G-Drive Racing’s Oreca looked to be in control early from pole, with Alex Brundle driving extremely well in his first stint out front, only to be called into the garage early for a gearbox issue which forced them to retire. Another tough weekend for the Russian-badged crew.
From then Strakka Racing briefly held the lead on an alternative strategy while Lewis Williamson was making his debut race stint. The young Scot was incredibly impressive under the pressure of leading in his first race, showing that he has a future in this sport.
It was a slight disappointment for the team, who were unable to reward him with a trophy after a late charge from Jonny Kane to the line after Nick Leventis’ stint towards the end of the race. Strakka did however run supremely well in what is now a truly age-old Gibson up against the new Oreca and Ligiers, finishing in fourth, equalling its best finish of the season at Le Mans.
Manor once again had the speed, but couldn’t put anything together, finished fifth with the #44, and retiring the #45 after a brake disc failure.
In GTE Pro, AF Corse’s return to form saw the #51 488 of Gianmaria Bruni and James Calado take its first win of the season after multiple reliability issues throughout Silverstone, Spa and Le Mans. It also marked a a very belated first class win for Brit Calado.
Aston Martin led the majority of the race, but the charging Gianmaria Bruni denied the #95 crew of Nicki Thiim and Marco Sorensen the win, taking the lead of the race by making a move on the Vantage in the Mercedes Arena with two and a half hours remaining.
From there the #95 slipped back further to fourth after getting engulfed by the championship-leading #71 AF Corse Ferrari of Sam Bird and Davide Rigon and the #66 Ford GT, before scoring a podium finish after the Ford had to serve a late drive through for a pit infringement.
It was a tough time for the Fords, with the #67 of Harry Tincknell, Andy Priaulx and Marino Franchitti finishing last and delayed after a pit fire, and the #66 no quite having the pace to hang on to the leaders. It was a far cry from the ‘Blue Oval”s Le Mans dominance.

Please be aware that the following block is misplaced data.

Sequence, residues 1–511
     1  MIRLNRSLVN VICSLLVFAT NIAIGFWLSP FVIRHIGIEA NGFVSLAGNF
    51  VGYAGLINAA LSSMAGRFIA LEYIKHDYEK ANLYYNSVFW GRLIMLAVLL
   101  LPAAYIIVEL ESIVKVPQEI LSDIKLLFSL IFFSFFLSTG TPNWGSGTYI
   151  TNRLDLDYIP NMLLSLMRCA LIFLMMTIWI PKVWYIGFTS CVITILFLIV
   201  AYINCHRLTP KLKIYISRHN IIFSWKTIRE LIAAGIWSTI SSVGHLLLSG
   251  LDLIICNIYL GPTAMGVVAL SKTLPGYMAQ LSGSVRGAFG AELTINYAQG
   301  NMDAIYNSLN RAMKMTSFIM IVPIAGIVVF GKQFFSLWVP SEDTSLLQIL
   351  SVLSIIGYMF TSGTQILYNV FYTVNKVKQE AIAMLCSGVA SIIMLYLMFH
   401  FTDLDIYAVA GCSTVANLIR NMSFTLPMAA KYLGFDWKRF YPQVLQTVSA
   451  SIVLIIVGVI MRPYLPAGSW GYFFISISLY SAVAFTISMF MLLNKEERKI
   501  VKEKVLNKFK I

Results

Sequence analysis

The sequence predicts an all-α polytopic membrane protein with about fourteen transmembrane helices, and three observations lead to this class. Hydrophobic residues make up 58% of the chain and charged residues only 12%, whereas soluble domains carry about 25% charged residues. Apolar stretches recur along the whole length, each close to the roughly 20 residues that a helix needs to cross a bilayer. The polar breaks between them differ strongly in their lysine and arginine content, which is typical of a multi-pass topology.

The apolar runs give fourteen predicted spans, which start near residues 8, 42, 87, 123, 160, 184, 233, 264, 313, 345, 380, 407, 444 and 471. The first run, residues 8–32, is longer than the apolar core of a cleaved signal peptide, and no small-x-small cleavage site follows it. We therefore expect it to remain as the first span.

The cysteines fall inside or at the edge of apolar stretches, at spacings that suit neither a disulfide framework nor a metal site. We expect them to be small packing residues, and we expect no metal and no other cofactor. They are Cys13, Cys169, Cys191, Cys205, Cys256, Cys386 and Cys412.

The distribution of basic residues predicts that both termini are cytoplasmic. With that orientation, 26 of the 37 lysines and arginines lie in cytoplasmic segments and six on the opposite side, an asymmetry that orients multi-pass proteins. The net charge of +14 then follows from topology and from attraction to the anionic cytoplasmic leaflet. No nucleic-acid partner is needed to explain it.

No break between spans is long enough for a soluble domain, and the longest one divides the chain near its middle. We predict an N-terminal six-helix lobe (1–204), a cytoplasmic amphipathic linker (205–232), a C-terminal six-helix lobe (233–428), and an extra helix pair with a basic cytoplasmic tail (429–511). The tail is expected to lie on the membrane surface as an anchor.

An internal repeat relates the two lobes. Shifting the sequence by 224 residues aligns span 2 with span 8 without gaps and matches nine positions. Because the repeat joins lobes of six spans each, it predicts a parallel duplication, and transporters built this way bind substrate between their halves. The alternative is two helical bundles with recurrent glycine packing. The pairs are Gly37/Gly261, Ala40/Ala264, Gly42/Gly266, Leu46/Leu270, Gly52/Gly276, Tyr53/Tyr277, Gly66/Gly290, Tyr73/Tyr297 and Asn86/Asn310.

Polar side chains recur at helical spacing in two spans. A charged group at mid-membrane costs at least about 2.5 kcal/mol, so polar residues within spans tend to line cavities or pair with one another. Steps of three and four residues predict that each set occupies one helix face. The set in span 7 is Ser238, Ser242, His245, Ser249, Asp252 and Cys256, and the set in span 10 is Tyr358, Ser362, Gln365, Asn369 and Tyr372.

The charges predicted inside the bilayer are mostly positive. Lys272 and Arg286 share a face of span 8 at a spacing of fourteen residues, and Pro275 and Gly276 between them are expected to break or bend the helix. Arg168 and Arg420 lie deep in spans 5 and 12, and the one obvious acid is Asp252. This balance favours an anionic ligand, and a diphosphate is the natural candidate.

The #97 Aston Martin also had a tough time. challenged for the lead early, but was unlucky to have to change its door in a pit stop, losing it valuable time, resulting in a disappointing fifth place finish for Darren Turner and Richie Stanaway.
Aston Martin Racing’s win in GTE Am saw Lamy, Dalla Lana and Lauda storm to the front before the halfway mark in what was a hotly contested class throughout. The Larbre Corvette, KCMG and Abu Dhabi Proton Porsches all led, but in the end were unable to mount a challenge in the second half of the race.
The KCMG crew finished in second after an almost faultless performance from Christian Ried, Wolf Henzler and Joel Camathias, with the #83 AF Corse Ferrari of Francois Perrodo, Manu Collard and Rui Aguas third.
The 458 did challenge for the win, and battled with the KCMG 911 for the lead during Perrodo’s stint at around the three hour mark, but the Frenchman went off at the entry of the final chicane, causing a full-course yellow while the marshals towed it from the gravel.
Labre’s Corvette finished fourth, ahead of the #88 Abu Dhabi Proton Porsche which led early but finished fifth after a delayed stop due to the car not firing, then a fire and a collision with the #2 Porsche.
Next up for the WEC is the 6 Hours of Mexico City on the 3rd of September.